X rays are similar in nature to light rays, but they travel at vastly higher energy levels and are invisible to the human eye. The cosmic rays that are detectable on a Geiger counter are natural forms of X rays from space and make up part of the background radiation to which all of us are exposed without identifiable ill effects. An ordinary chest X ray exposes the patient to about 120 times the usual background radiation, but this is still considerably less than the typical dosage given to treat a cancer patient.
In anticancer radiation therapy, the ultimate target for the radiation is the deoxyribonucleic acid (DNA) in the malignant cell. DNA is the genetic material controlling a cell’s reproduction. The DNA of a malignant cell is more susceptible to radiation damage than that of a normal cell. The radiation disrupts the structure of several of the chemical elements in the DNA portion of the cell nucleus, leading to cell death. This destruction of the cancer cell is not immediate; instead, it occurs over a period of hours or even days. Sometimes several exposures of the rapidly dividing cancer cells to the high-energy radiation are required, and even then enough tumor cells may survive to permit regrowth of the cancer.
To prevent this, the radiation therapist calculates the total amount of radiation that will probably be required to destroy the cancer, and then spreads that amount over a number of treatments. This increases the probability of killing all the tumor cells without excessive damage to normal tissues. In this way the cancer will be destroyed over a period of time, by killing the individual cancer cells at a faster rate than they can repair themselves and reproduce. To minimize further the radiation damage to the skin and other normal tissue, the radiation dosage will be directed at the tumor through several different “ports” or sites on the skin surface. In other words, the target is always the cancer, but the radiation may be beamed to it via different pathways.
In theory, no cancer exists that cannot be destroyed by radiation. The problem is delivering the required amount of radiation to the cancer without causing excessive harm to the patient. For example, if a radiation therapist knows that 6,500 rads will be required to destroy a certain type of cancer, a regimen course of treatment must be devised that will permit the delivery of this dosage to the cancer itself with only minimal exposure to the rest of the body. A single dose of only 700 rads administered to the entire body would prove fatal to more than half of the people receiving such exposure. Thus the task is to deliver the required amount of radiation to the cancer itself while sparing the healthy part of the body. This is not always possible for a variety of reasons.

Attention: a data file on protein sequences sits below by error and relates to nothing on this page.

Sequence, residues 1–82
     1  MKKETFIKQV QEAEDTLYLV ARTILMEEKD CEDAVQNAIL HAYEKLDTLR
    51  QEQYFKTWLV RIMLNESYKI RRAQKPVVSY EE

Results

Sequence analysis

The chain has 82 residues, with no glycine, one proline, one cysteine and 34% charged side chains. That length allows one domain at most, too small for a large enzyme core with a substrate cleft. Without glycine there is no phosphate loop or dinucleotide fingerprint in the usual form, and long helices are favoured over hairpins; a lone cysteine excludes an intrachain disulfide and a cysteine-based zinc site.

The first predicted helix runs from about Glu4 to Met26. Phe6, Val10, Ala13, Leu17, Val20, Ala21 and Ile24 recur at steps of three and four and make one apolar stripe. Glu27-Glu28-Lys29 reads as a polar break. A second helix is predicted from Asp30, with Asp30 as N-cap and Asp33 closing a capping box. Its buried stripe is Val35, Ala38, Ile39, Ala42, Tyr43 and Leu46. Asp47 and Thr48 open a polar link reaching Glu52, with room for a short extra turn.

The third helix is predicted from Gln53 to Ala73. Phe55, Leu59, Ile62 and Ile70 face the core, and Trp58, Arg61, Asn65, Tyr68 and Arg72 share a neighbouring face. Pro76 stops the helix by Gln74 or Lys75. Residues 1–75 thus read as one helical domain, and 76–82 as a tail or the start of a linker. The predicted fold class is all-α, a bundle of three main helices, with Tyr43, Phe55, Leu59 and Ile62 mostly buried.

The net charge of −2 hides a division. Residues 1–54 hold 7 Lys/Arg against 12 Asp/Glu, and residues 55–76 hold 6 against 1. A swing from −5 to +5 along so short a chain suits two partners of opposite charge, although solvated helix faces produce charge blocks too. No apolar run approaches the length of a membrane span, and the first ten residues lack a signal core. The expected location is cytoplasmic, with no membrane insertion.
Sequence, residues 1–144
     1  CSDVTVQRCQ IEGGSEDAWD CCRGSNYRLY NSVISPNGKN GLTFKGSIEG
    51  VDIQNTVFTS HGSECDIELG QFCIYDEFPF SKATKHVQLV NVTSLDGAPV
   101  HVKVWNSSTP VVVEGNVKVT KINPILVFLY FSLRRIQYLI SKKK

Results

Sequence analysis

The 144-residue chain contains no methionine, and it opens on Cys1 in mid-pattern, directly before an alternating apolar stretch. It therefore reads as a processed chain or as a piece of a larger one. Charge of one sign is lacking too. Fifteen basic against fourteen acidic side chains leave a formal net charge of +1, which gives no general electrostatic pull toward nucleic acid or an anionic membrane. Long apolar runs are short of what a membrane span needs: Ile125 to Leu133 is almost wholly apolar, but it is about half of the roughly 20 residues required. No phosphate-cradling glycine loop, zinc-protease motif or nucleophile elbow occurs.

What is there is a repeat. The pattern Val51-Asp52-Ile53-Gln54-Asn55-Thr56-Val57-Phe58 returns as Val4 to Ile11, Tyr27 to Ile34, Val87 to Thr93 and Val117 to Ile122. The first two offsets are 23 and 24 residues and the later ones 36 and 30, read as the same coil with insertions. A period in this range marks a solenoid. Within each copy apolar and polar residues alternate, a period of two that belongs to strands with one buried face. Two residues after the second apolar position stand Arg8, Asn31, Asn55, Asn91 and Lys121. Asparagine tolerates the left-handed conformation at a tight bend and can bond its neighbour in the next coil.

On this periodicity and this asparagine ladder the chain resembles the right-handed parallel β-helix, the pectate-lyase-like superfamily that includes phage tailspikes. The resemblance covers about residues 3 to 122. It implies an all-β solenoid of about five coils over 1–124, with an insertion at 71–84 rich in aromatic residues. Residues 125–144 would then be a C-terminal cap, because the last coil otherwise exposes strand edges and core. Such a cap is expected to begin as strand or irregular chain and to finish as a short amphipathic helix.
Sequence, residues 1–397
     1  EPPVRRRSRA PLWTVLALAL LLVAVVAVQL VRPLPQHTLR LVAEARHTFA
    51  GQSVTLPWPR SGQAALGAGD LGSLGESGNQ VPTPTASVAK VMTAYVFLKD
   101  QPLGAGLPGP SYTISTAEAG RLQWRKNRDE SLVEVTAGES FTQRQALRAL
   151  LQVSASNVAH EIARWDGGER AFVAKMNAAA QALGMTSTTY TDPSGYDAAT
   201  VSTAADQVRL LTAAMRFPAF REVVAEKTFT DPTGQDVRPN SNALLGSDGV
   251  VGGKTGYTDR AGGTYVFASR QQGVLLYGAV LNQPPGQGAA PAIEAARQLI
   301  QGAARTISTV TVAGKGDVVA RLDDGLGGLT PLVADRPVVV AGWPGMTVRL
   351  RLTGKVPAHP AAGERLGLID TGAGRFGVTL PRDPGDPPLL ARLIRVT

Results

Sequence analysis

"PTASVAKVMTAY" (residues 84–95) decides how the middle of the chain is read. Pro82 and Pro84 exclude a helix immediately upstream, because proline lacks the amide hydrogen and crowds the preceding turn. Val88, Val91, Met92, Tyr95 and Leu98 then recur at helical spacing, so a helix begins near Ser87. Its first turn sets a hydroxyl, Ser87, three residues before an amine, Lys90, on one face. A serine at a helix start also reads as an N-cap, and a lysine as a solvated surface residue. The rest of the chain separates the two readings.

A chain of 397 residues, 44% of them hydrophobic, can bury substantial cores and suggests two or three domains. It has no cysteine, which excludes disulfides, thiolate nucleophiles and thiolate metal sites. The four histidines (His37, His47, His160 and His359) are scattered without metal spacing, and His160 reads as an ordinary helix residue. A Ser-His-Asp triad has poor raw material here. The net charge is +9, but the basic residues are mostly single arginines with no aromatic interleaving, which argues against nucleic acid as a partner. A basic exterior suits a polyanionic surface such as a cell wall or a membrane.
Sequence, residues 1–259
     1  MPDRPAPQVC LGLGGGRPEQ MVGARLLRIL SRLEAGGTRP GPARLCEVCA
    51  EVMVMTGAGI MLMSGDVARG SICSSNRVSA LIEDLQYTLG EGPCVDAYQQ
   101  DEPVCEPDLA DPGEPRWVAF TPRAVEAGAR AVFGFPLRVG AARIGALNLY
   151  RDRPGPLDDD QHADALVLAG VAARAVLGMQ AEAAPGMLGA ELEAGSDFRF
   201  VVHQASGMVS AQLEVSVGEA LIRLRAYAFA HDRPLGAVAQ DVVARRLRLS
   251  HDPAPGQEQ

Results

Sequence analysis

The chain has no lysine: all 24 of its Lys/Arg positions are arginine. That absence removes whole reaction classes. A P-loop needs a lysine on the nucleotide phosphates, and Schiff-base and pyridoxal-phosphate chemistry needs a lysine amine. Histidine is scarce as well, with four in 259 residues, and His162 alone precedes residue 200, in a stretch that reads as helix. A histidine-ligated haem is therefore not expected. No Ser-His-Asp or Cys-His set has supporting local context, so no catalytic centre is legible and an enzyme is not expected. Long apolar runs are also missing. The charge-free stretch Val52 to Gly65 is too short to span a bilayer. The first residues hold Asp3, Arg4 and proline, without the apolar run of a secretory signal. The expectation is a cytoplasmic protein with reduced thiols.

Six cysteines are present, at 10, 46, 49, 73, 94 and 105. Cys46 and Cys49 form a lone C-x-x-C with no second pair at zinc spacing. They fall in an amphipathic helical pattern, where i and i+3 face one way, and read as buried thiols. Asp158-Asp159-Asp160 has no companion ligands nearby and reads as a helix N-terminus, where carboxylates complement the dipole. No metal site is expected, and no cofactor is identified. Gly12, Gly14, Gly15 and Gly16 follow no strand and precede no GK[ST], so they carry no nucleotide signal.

As a result, part of the tumor may be destroyed, but enough cells will remain that can repair their X-ray injuries and then reproduce to form new tumors. Or some of the cancer may escape exposure to the radiation a situation referred to as a “geographic miss.” This sometimes occurs when there are multiple sites of cancer or when some cells on the outer reaches are not exposed to the full dose and are able to reproduce and spread.
Still another important factor in the outcome of radiation therapy is the nearness of the tumor to sensitive normal tissues or organs that cannot withstand exposure to high doses of radiation. A tumor along the spinal cord, for example, may be very difficult or impossible to treat with radiation because the X-ray dosage needed to destroy the tumor might also destroy the spinal cord. A weakened general physical condition caused by the cancer or other diseases such as diabetes, alcoholism, or kidney failure also may reduce a patient’s tolerance to radiation therapy. But even with these potentials for failure, large numbers of cancer patients can be effectively treated and even cured with radiation therapy.